Every year people die in IDOC custody, the vast majority due in part to over-sentencing. COVID-19 is highlighting this fact because it is attacking the elderly and infirm, many of whom have spent decades enduring harsh prison conditions, much of that time unnecessarily. They die lonely deaths for no other reason than incarceration politics, and in a vain attempt to satiate the insatiable appetite some people have for revenge.

For the past few decades, the State has grudgingly acknowledged that hundreds of innocent people are being wrongfully convicted and imprisoned. It is now time to acknowledge that there are also thousands of guilty people who are wrongfully imprisoned as well, due to the fact that their prison sentences are longer than necessary for public safety.

The experts agree, mass incarceration’s main driver is excessive sentences for serious and violent crimes. Thus, we cannot address mass incarceration without reducing such sentences.

The Governor and others have recently voiced support for early releases of “non-violent offenders,” and insinuate that this shows they still consider public safety as the main priority. Not only is this insufficient to address mass incarceration, but if public safety is the main priority, then they should have no problem releasing “violent offenders.” That’s because people convicted of violent offenses are actually safer to release than those in prison for non-violent offenses. In other words, they have lower recidivism rates and even a lower likelihood of committing violence if released.

The thousands of people currently serving excessively long sentences are doing so due to racism, fear-mongering, dehumanization, political exploitation, and the false promise that harsher sentences are needed to deter crime.

Politicians of both parties have used tough-on-crime rhetoric to get elected for decades, telling the public over and over again that even longer and harsher sentences are the only way to deter people from committing crimes. In Illinois, this facilitated the abolishment of parole, the passage of accountability and felony murder laws, Truth-In-Sentencing, the Habitual Criminal Act, gun add-ons, life -without-parole and de facto life sentences, and increased sentencing ranges for nearly every crime imaginable.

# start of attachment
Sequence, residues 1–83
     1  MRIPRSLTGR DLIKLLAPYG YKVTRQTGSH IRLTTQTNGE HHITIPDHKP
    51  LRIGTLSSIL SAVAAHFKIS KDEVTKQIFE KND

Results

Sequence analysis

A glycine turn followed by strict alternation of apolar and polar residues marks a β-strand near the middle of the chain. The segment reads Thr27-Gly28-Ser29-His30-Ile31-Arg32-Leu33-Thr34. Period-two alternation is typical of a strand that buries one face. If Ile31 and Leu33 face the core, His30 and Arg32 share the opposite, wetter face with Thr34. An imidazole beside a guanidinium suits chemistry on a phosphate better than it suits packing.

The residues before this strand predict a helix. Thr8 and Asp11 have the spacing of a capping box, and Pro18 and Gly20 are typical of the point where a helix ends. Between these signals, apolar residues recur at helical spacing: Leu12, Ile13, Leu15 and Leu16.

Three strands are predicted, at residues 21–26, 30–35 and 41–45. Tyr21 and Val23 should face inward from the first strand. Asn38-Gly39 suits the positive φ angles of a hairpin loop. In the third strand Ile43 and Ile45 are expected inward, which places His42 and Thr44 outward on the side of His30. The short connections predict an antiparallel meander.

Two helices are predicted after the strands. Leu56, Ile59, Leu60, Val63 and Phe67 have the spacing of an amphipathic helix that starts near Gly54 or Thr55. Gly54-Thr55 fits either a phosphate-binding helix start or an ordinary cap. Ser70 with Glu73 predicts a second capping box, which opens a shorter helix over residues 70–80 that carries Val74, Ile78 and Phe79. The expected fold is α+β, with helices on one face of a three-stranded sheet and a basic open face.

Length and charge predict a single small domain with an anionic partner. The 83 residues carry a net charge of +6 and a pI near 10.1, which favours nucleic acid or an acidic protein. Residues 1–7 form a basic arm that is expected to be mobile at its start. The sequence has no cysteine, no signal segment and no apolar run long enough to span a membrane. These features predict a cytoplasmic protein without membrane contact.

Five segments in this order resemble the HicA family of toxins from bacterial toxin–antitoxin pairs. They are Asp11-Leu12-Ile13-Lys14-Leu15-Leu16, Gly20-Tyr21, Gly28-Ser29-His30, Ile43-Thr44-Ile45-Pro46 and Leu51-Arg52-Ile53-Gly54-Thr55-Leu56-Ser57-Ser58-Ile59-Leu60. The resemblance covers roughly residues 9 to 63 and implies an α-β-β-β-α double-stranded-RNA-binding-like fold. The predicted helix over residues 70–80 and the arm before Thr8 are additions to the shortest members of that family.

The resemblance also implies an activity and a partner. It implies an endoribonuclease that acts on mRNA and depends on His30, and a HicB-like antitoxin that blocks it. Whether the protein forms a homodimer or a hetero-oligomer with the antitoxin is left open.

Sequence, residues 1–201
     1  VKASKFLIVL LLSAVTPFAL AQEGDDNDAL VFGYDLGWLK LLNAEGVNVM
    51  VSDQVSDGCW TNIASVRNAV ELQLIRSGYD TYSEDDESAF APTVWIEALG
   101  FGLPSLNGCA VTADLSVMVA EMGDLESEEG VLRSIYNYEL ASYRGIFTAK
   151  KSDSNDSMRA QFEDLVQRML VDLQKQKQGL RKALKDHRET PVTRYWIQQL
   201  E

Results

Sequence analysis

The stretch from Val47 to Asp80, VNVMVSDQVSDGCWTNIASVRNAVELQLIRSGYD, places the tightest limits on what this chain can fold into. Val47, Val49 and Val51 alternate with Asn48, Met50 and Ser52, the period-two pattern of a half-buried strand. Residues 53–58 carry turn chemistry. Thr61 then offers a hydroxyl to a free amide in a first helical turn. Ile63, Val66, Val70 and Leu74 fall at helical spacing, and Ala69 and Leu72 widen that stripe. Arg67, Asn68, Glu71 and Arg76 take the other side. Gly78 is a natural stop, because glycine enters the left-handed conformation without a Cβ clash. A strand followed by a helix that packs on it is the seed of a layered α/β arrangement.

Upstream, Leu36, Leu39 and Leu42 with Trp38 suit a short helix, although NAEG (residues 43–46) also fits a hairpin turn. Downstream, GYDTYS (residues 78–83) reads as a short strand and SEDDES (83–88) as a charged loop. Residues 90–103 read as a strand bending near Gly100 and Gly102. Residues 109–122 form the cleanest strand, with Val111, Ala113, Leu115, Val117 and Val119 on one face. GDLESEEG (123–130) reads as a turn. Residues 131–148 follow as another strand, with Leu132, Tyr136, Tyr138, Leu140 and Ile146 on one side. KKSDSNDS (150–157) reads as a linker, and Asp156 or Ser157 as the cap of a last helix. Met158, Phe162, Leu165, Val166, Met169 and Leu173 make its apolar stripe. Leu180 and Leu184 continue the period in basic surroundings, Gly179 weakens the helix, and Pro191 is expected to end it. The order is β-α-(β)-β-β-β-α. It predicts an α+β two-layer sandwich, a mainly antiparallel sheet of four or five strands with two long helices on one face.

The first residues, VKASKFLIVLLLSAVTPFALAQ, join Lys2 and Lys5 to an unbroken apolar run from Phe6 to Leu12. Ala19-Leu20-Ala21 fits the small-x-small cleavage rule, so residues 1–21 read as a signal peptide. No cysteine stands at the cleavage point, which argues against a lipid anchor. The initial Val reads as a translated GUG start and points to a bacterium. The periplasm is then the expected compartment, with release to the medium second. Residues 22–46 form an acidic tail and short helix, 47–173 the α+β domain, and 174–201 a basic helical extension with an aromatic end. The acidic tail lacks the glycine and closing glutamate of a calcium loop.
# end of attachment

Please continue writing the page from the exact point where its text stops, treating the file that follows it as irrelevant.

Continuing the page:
It seems logical, threaten someone with a severe enough consequence and you would think they would refrain from committing a crime. Unfortunately, this type of punitive deterrence is a myth, as has been shown by nearly every reputable study of deterrence conducted.

For punitive deterrence to work there are several prerequisites necessary. The person has to know the consequence, believe he or she will be caught and face that consequence, and have the ability to rationally weigh the costs and benefits of committing a crime versus not committing it.

Punitive deterrence doesn’t work, because, not only do people not know what sentencing laws stipulate, but people don’t believe they will be caught, let alone charged and convicted. Moreover, people who commit crimes are almost never rational actors. Not only are 40% of people who commit crimes juveniles or young adults with immature prefrontal lobes, but most are either under the influence of drugs or alcohol, are mentally ill, or act in the heat of the moment while in anger without thinking clearly.

Craig Findley, the chairman of the Illinois Prisoner Review Board, who has interviewed over 25,000 incarcerated Illinoisans, told a subject matter only hearing on parole, that he likewise concludes that “long sentences are not a deterrent to crime.” Nonetheless, every day men and women are receiving excessively long and inhumane prison sentences under the guise that they will deter people from committing crimes.